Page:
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So is art dead now?

If you've ventured out onto the web as of recent, you might've come across some of the occasionally peculiar but typically astonishing 'paintings' drawn by artificial intelligence programs. The most well-known ones at the present point in time are called Dall-e and Midjourney respectively. Both use the same kinds of technology - specifically, large neural nets drawing upon even larger databases of paintings and images. The difference between the two is in the specifics of the generated imagery - Midjourney focuses more on 'painterly' images, whereas Dall-e is more generic. Both have the ability to, given a textual prompt such as 'an orangutan eating an apple in the style of Picasso', generate artwork without the prompter themselves needing any technical or artistic skill.

You might think as a result of this, well art's obviously dead now, so why would we need artists? But these are not magic boxes. They only create images based on the data-sets they have, and those data-sets are comprised of human-made original artworks and photos. Artificial intelligence at this point lacks the imaginative qualities of it's human counterpart, and is only capable of interpolating existing works and styles (albiet with fantastic results). The small deviations, inherent quirks of persona and ability are what make individual human artists unique, together with the 'happy accidents' or mistakes which often result in superior or more strongly differentiated work.

However, the effect that these technological leaps are having on the artistic community is severe. Recently a Midjourney 'artist' (text prompter) entered their generated work into a digital art competition in the USA and won 1st prize. Whether the judges knew that the work was AI-generated is at this point uncertain, but unlikely. And therein lies the rub: there is no way to distinguish between genuine artistic work, and an AI-generated image based on the interpolation of genuine artistic works. The forgeries are too unique - there is no calling card, no specific trait that would tip off the defrauded as to the origin of the work.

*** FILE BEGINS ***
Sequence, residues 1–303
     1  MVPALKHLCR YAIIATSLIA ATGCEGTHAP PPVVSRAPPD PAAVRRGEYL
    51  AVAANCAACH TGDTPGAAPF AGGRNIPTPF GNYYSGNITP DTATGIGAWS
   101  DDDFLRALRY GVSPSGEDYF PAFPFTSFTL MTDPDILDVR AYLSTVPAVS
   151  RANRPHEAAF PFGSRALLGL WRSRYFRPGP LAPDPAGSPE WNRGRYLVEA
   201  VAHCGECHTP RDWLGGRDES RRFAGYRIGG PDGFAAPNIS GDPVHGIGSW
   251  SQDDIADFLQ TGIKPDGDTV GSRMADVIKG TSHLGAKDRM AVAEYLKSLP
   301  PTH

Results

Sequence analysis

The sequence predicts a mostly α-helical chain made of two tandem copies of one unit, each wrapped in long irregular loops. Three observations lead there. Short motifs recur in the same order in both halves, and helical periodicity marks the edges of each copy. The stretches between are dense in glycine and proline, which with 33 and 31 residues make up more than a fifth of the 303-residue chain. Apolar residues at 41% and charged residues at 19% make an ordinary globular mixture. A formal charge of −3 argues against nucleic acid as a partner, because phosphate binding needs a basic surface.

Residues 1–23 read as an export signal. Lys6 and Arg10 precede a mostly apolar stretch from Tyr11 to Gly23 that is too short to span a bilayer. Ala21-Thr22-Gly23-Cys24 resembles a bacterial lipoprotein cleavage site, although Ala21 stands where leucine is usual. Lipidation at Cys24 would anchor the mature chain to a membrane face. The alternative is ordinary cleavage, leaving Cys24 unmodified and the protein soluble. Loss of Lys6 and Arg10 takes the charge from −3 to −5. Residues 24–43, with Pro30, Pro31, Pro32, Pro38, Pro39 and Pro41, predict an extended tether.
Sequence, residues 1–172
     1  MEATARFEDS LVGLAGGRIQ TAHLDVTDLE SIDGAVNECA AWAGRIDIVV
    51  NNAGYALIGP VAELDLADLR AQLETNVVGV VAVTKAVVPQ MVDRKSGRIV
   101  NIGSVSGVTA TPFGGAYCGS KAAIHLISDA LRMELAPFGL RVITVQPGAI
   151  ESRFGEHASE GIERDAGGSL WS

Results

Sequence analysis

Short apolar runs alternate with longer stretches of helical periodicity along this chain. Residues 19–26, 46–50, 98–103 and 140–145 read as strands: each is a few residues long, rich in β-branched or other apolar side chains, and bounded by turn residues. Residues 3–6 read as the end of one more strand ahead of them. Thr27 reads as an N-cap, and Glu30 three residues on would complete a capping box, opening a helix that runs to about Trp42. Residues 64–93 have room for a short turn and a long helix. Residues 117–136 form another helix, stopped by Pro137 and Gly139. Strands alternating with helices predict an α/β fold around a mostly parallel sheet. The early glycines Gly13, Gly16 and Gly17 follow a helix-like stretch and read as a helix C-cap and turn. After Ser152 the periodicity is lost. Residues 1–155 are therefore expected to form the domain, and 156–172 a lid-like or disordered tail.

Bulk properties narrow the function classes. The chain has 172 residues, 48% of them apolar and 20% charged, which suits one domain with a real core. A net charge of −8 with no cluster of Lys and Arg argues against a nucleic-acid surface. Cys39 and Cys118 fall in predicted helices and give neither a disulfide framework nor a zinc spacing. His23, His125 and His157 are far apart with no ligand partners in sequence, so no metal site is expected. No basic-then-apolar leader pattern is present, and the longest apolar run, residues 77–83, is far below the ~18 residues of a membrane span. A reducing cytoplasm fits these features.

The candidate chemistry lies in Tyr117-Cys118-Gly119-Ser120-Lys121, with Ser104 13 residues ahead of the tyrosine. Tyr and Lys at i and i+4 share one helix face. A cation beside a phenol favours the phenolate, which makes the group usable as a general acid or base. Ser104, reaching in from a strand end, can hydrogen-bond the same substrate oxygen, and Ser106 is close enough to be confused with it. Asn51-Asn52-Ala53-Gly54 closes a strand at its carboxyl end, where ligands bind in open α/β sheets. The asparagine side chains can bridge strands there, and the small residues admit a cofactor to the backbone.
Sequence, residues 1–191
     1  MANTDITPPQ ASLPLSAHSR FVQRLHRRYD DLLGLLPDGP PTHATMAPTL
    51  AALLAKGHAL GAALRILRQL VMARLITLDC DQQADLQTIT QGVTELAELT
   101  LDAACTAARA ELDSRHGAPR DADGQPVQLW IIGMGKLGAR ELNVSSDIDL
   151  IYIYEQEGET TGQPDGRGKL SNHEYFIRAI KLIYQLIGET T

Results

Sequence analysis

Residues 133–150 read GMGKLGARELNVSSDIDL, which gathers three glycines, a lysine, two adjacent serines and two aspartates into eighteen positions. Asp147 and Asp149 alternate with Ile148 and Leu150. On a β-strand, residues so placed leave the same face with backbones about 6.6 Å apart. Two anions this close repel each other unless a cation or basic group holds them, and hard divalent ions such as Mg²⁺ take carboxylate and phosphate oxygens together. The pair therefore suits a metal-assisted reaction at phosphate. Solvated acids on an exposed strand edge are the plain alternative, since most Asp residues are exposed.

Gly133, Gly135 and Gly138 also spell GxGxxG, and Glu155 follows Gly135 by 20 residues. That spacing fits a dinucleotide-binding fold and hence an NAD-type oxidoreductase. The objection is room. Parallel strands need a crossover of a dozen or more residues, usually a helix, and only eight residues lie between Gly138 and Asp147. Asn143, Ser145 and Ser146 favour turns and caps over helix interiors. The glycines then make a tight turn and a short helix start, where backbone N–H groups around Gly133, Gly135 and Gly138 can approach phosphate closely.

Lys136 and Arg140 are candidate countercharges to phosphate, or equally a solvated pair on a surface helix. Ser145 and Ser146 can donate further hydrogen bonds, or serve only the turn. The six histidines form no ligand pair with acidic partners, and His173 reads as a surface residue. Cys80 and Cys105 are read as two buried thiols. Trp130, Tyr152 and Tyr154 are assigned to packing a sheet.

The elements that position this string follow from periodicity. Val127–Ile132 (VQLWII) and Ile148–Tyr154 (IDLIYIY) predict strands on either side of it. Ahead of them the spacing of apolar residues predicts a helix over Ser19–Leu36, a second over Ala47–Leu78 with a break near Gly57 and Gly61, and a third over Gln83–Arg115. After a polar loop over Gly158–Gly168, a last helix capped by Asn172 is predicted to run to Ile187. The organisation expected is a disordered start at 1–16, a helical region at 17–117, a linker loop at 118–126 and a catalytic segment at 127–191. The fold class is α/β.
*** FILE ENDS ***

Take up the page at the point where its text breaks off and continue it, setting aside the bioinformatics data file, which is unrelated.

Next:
What direction the conversation around this technology will take in a wider sense, is at this point, anyone's guess. But the art world is experiencing the first results of artificial intelligence competing with human intelligence - a battle that will likely continue well into the end of this century. If nothing else, it will force mediocre and derivative artists out of their fields - as their AI counterparts will probably do a better job of copycat'ing other's work. It remains to be seen whether similar feats can be achieved in the worlds of music, writing and science, but there is strong likelihood that given time, they will.

Whether one views this as a renaissance in computing, or a fall from grace and an impoverishment of the human spirit, largely depends on how much one stands to benefit or suffer from it. Personally, I'm going to use Midjourney to generate an album cover for my band since I'm rubbish at drawing, and in the meantime hope like hell that the tech never gets good enough to replicate the music (and do it better).

- Matt Bentley, computer expert at Bentley Home PC Support.
Email info@homepcsupport.co.nz or phone 0211348576.

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